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In three weeks, from June 5 to 11, The Upperville Colt & Horse Show — billed as the oldest horse show in the United States — will begin with a variety of rarely seen classes in the beautiful Virginia countryside. It began on a June day as a small colt and filly show in 1853 in Upperville. Before this time, stallions were usually exhibited at county and state fairs for prizes. During the winter of 1854, one of the show’s organizers came upon a colt stuck in fence with frozen hooves while out on a ride. As a result of seeing the poor condition of this young horse, Colonel Richard Henry Dulany wanted to have a colt show to provide a venue to work on the improvement of and for better care of breeding stock in the state of Virginia. It is generally accepted that Upperville is the first separate entity, apart from state fairs, where showing breeding stock became known as a horse show. The first colt show was held on Dulany’s property called Number Six among an oak grove.
Upperville Union Club Colt Show
The early history of the show is a bit lost in the mist without accurate records or documentation. According to the show’s website, there is a catalog from 1853 where there were two classes offered, one for colts and one for fillies. These entrants would have been shown “in hand,” meaning that the a groom or handler would lead the animal into the ring in a halter and lead rope and stand them for examination by the judges.
The show caught on quickly among the locals. By 1857, there were now 14 judges who judged classes for yearlings, 2-year-olds, and 3-year-olds in Riding Stock, Quick Draft, and Heavy Draft divisions. So the show was gaining in popularity. In fact, the Southern Planter newspaper claimed to have urged Virginia farmers for quite some time to put on such a show so they had a place to display their various breeds of horses and how they had improved over the year.
Just like many dog and horse shows today, a club was formed to host the early shows, the Upperville Union Club. This club seemed to have had annual events until the Civil War broke out in the early 1860s. Before the suspension of the colt show, many organizers bought influential sires such as Black Hawk from New England and a descendent of Justin Morgan from Vermont to offer free stud service to the local farmers to improve their horses for riding and working.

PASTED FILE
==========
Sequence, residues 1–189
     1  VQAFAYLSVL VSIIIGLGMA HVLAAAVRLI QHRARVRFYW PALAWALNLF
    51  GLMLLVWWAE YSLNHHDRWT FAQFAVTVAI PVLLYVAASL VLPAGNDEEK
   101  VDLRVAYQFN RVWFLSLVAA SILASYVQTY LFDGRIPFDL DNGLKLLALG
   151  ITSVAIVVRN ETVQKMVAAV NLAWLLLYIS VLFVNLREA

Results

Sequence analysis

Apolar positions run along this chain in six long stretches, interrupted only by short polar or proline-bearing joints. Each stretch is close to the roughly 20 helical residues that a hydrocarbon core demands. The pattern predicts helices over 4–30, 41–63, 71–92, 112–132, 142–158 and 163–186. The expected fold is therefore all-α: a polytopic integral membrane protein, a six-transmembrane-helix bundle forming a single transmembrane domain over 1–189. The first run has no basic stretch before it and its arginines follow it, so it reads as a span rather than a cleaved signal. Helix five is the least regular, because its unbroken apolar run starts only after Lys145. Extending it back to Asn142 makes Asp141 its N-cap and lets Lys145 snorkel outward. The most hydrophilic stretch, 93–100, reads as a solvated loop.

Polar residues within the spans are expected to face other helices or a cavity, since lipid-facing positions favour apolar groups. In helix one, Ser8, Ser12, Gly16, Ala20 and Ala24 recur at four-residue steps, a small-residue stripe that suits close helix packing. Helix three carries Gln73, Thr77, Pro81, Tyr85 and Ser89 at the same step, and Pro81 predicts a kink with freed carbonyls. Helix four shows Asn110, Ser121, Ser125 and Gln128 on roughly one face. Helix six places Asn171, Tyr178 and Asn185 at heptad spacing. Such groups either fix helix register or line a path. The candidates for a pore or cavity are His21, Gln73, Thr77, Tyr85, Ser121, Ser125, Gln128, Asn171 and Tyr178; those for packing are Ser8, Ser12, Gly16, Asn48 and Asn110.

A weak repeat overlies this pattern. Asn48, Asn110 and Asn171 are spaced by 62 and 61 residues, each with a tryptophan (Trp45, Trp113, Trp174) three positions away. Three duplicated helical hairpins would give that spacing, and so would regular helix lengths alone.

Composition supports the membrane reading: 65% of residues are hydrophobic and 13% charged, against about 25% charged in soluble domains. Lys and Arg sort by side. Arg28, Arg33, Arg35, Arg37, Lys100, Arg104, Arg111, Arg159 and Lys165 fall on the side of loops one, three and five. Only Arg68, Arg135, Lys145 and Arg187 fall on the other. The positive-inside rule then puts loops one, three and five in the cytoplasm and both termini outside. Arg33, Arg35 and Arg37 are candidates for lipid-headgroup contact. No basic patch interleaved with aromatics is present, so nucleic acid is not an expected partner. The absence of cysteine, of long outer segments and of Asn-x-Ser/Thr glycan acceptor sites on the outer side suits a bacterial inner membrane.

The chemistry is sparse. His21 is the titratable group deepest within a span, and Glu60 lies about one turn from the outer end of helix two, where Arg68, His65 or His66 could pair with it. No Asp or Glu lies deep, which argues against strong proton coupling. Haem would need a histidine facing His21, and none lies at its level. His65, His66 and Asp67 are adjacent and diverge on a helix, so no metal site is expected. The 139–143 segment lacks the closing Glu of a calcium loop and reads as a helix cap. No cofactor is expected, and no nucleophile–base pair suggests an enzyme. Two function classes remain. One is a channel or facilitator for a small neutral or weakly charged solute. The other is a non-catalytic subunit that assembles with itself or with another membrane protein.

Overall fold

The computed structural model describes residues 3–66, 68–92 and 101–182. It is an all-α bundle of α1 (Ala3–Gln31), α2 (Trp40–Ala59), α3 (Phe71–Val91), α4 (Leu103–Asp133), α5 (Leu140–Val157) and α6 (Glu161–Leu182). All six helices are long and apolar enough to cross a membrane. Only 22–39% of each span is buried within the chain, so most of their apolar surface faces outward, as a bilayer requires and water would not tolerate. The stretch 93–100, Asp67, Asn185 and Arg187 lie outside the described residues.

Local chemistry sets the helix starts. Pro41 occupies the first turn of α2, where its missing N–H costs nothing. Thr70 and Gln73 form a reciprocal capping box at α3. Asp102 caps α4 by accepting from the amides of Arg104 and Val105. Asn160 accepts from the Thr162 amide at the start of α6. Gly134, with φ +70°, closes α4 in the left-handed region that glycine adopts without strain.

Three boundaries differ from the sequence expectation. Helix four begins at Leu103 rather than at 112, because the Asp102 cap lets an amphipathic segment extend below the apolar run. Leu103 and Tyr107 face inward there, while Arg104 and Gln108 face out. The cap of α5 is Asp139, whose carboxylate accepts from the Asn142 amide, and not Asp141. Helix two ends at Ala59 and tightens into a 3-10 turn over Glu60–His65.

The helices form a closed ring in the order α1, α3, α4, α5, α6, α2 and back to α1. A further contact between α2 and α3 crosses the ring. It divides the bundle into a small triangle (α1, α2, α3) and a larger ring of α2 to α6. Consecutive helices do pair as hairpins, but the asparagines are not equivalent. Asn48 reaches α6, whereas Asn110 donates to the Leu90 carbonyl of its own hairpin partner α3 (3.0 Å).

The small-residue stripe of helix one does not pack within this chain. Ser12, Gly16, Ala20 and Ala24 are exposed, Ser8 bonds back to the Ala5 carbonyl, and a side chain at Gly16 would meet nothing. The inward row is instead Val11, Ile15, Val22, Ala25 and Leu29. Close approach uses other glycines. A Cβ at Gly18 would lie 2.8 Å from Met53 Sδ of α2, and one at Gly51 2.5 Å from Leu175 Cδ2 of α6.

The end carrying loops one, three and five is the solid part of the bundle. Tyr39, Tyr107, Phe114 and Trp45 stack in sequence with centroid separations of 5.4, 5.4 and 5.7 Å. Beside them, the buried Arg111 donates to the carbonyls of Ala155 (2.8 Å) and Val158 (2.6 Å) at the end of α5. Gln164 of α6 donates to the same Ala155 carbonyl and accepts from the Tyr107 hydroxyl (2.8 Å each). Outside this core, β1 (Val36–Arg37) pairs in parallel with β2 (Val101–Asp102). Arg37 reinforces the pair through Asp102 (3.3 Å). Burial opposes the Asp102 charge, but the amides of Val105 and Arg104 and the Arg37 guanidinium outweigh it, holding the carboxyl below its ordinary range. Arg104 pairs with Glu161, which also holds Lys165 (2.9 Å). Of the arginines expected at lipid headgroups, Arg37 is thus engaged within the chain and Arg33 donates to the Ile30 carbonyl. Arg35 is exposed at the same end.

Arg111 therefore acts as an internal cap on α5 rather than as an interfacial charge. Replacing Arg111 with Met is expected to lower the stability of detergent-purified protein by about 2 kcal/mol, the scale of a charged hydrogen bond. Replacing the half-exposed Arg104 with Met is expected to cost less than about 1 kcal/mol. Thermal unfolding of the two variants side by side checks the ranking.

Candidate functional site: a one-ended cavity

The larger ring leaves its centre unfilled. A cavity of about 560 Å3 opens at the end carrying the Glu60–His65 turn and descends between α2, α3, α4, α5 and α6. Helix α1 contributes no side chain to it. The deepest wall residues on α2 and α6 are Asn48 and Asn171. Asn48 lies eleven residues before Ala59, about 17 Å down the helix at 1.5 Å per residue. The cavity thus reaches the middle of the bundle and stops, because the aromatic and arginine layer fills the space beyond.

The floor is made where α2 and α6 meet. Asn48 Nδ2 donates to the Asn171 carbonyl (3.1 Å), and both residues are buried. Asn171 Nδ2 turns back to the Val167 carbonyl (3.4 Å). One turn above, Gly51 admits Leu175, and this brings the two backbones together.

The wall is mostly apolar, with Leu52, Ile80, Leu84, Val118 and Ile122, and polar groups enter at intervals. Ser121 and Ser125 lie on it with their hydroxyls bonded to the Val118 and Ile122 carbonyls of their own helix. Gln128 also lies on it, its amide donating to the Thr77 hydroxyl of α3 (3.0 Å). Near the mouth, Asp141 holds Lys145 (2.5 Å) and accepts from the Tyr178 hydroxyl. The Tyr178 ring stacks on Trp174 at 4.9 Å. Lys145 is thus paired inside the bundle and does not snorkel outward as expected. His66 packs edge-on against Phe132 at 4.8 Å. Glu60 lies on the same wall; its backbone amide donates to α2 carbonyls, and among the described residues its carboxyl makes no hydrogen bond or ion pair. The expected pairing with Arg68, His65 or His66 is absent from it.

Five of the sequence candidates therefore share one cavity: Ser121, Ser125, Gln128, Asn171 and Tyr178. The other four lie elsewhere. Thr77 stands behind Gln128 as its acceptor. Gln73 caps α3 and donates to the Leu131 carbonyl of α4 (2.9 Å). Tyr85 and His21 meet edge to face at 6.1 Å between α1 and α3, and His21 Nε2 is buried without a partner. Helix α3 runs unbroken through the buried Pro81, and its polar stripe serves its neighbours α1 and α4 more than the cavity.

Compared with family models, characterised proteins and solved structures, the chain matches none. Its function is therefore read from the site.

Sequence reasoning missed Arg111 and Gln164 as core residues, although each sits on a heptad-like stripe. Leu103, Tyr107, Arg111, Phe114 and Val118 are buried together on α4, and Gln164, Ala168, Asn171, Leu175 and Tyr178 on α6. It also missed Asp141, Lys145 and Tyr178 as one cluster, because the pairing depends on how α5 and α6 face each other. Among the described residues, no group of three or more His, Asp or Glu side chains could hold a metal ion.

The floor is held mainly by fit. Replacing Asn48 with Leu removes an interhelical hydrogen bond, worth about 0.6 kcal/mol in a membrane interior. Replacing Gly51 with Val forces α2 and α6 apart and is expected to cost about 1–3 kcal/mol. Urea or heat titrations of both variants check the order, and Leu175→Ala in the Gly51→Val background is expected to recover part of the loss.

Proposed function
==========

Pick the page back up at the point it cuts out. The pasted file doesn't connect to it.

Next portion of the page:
One sire imported from England, a stunning Cleveland Bay stallion named Scrivington, had to be whisked away from Virginia during the Civil War with his black groom to avoid being captured by Union forces. The pair made it to Pennsylvania where Scrivington became a popular sire. He and the groom eventually made it back to Virginia, after the war. In the meantime, the “get” or offspring of Black Hawk and other sires were starting to be winners at the Upperville Union Club Colt Show by 1859, where there were 80 entries and prizes included the iconic Tiffany silver cups and $500 in cash.
Transition Into A New Century
After the war, it is said the show was reorganized in 1869, but no records exist of any shows. Also, the name Union was dropped from the club’s name for obvious reasons. In 1894, the club was reorganized yet again, and formally filed a charter and became the Upperville Colt Club. By 1902, it became a corporation and continues to this day as the Upperville Colt and Horse Show. In that first year of incorporation, the show contained new classes for ponies, harness horses, tandems, and team pulling carriages. There were also new Thoroughbred breeding classes, and one class called the High Jump.
Upperville began to reflect its flashy cousin horse show up north in New York City. By comparison, that show, the most famous horse show in America, The National Horse Show, began in 1883 at Madison Square Garden.
With its tagline, “Here, You Make History” the Upperville Colt and Horse Show still features classes today that are rarely seen at modern horses shows, including ladies side saddle, stallions in hand, and hunt team competitions. And while the show has grown with the sport and the changing times with hunter derbies, jumper rings, and a Grand Prix worth more than $200,000 in prize money, it still holds on strong to its traditional roots. In fact, in the hunter ring, many of the large oaks that are in the ring — riders have to ride around them on course — are the same trees that welcomed the colts back in 1853. But in 2017, you can now take in all the excitement and history via live streaming on the show’s website upperville.com starting on June 5. So pull up a laptop, kick back, watch an enduring legacy unfold.